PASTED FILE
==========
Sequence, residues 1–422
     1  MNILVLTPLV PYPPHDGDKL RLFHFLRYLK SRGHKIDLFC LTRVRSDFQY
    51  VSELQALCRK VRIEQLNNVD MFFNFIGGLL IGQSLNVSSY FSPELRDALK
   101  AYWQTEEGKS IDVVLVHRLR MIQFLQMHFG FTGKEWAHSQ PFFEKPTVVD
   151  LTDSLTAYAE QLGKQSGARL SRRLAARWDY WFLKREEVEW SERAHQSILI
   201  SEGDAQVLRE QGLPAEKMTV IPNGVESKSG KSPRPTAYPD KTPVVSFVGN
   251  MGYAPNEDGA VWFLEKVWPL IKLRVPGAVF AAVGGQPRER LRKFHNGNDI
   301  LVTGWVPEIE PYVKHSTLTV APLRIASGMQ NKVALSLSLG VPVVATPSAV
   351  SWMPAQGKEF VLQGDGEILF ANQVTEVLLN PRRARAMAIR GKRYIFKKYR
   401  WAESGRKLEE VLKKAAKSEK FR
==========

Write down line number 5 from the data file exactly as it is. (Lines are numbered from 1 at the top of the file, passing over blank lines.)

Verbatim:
   151  LTDSLTAYAE QLGKQSGARL SRRLAARWDY WFLKREEVEW SERAHQSILI